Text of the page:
Exclusive: Apple Mines Big Profits from Watch Band

A variety of the new Apple Watch is on display in the demo room after an Apple event on Monday, March 9, 2015, in San Francisco. Pre-orders for the Apple Watch start April 10. The device costs $349 for a base model, while a luxury gold version will go for $10,000. (AP Photo/Eric Risberg)
A variety of the new Apple Watch is on display in the demo room after an Apple event on Monday, March 9, 2015, in San Francisco. Pre-orders for the Apple Watch start April 10. The device costs $349 for a base model, while a luxury gold version will go for $10,000. (AP Photo/Eric Risberg)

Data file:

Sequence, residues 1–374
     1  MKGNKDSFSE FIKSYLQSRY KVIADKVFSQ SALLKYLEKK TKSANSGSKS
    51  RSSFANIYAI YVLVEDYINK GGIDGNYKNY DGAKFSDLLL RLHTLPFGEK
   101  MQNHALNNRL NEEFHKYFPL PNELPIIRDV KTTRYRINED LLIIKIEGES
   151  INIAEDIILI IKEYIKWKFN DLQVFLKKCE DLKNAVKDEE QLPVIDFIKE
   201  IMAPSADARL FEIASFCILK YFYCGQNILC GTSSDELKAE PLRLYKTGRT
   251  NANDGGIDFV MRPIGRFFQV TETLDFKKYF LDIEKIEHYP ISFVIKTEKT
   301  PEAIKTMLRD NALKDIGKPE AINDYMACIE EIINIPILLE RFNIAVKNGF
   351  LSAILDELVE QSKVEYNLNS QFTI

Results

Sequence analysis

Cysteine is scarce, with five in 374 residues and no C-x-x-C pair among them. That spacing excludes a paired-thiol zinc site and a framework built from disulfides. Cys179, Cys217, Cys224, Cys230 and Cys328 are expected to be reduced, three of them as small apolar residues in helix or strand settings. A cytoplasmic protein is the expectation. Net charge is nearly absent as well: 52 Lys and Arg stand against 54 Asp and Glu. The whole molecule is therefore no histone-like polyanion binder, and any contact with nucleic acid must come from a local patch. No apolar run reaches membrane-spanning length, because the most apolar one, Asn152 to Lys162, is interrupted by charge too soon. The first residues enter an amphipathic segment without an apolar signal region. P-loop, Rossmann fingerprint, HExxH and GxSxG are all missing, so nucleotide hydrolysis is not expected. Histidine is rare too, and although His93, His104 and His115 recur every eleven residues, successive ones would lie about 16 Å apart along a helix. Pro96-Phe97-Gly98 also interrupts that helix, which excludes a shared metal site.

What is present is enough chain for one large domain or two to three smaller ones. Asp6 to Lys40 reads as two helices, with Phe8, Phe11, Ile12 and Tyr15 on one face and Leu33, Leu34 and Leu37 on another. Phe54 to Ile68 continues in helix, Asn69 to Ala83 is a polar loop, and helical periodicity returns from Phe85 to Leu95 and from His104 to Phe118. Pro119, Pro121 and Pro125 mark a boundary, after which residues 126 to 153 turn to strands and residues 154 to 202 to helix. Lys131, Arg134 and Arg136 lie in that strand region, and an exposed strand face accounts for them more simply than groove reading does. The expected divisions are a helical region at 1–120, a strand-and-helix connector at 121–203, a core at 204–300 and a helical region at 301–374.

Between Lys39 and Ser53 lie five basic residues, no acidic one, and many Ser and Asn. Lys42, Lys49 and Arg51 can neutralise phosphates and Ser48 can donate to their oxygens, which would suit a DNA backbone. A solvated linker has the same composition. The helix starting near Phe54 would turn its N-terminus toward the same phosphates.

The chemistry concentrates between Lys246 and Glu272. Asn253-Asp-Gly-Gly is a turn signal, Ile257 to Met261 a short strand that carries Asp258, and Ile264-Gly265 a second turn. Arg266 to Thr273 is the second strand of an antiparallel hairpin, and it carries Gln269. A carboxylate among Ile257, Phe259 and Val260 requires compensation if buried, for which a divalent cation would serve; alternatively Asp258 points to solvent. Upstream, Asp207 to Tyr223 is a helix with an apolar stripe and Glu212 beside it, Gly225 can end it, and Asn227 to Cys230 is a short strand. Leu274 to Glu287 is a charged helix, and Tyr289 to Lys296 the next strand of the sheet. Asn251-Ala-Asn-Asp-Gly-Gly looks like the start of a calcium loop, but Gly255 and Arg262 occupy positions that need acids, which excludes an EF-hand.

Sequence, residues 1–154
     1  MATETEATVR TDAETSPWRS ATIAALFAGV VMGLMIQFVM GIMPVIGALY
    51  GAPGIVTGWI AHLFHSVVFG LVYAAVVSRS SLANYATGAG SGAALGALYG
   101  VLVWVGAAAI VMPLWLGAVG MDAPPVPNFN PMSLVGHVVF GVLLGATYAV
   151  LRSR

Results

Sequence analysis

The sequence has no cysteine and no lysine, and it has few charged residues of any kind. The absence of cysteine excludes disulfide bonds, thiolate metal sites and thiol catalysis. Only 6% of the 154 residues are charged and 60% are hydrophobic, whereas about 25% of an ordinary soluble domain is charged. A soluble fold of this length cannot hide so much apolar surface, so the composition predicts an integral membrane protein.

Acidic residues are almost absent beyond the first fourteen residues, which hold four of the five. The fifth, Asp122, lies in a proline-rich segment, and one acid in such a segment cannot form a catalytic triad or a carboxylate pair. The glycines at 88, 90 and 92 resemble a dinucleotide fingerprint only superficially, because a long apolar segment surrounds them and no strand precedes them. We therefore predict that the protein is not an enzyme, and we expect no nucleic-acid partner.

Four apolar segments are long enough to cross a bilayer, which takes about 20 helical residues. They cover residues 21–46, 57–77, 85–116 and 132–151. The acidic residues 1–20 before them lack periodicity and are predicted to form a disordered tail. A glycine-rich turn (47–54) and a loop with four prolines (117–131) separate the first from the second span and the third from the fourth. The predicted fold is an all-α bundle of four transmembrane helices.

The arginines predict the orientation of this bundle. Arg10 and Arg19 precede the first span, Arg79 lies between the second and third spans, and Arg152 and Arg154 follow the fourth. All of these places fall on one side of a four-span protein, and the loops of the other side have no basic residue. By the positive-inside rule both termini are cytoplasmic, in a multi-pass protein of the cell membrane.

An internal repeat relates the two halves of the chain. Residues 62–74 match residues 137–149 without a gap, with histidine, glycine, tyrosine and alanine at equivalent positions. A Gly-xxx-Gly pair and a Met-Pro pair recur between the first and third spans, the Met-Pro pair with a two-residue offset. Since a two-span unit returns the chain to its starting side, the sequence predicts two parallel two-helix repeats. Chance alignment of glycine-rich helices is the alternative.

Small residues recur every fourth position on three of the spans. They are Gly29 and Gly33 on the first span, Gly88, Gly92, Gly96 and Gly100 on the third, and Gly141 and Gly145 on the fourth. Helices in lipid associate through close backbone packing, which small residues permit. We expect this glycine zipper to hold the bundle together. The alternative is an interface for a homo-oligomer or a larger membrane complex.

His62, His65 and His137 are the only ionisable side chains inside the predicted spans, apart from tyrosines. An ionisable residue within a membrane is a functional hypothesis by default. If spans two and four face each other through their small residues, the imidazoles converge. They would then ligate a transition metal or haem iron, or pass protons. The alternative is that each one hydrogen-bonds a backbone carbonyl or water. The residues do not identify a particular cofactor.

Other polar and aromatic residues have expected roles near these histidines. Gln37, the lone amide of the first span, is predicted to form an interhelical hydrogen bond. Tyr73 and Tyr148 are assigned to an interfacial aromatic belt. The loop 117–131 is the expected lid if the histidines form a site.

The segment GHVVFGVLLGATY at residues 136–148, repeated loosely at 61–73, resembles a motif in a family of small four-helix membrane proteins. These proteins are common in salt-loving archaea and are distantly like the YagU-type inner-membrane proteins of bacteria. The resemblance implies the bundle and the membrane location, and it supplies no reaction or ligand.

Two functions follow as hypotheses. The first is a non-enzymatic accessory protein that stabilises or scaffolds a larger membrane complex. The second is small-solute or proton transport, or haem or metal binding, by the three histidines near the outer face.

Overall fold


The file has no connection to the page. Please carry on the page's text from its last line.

A variety of the new Apple Watch is on display in the demo room after an Apple event on Monday, March 9, 2015, in San Francisco. (AP Photo/Eric Risberg)

 

(Reuters) – Nearly 20 percent of Apple Watch buyers are not only shelling out hundreds of dollars for the timepiece but are springing for a spare band too, giving the tech giant a profitable second dip into customers’ wallets, according to data provided exclusively to Reuters.

The data from Slice Intelligence, a research firm that mines e-mail receipts, offers a rare window into the money-making potential of Apple’s first brand-new product under CEO Tim Cook.

The ever-secretive company has yet to release how many units of the watch it has sold, let alone how profitable it is. Slice estimates the company has sold 2.79 million as of mid-June.

But if the band purchases are any indication, sales of the watch itself are just the beginning of Apple’s profits.

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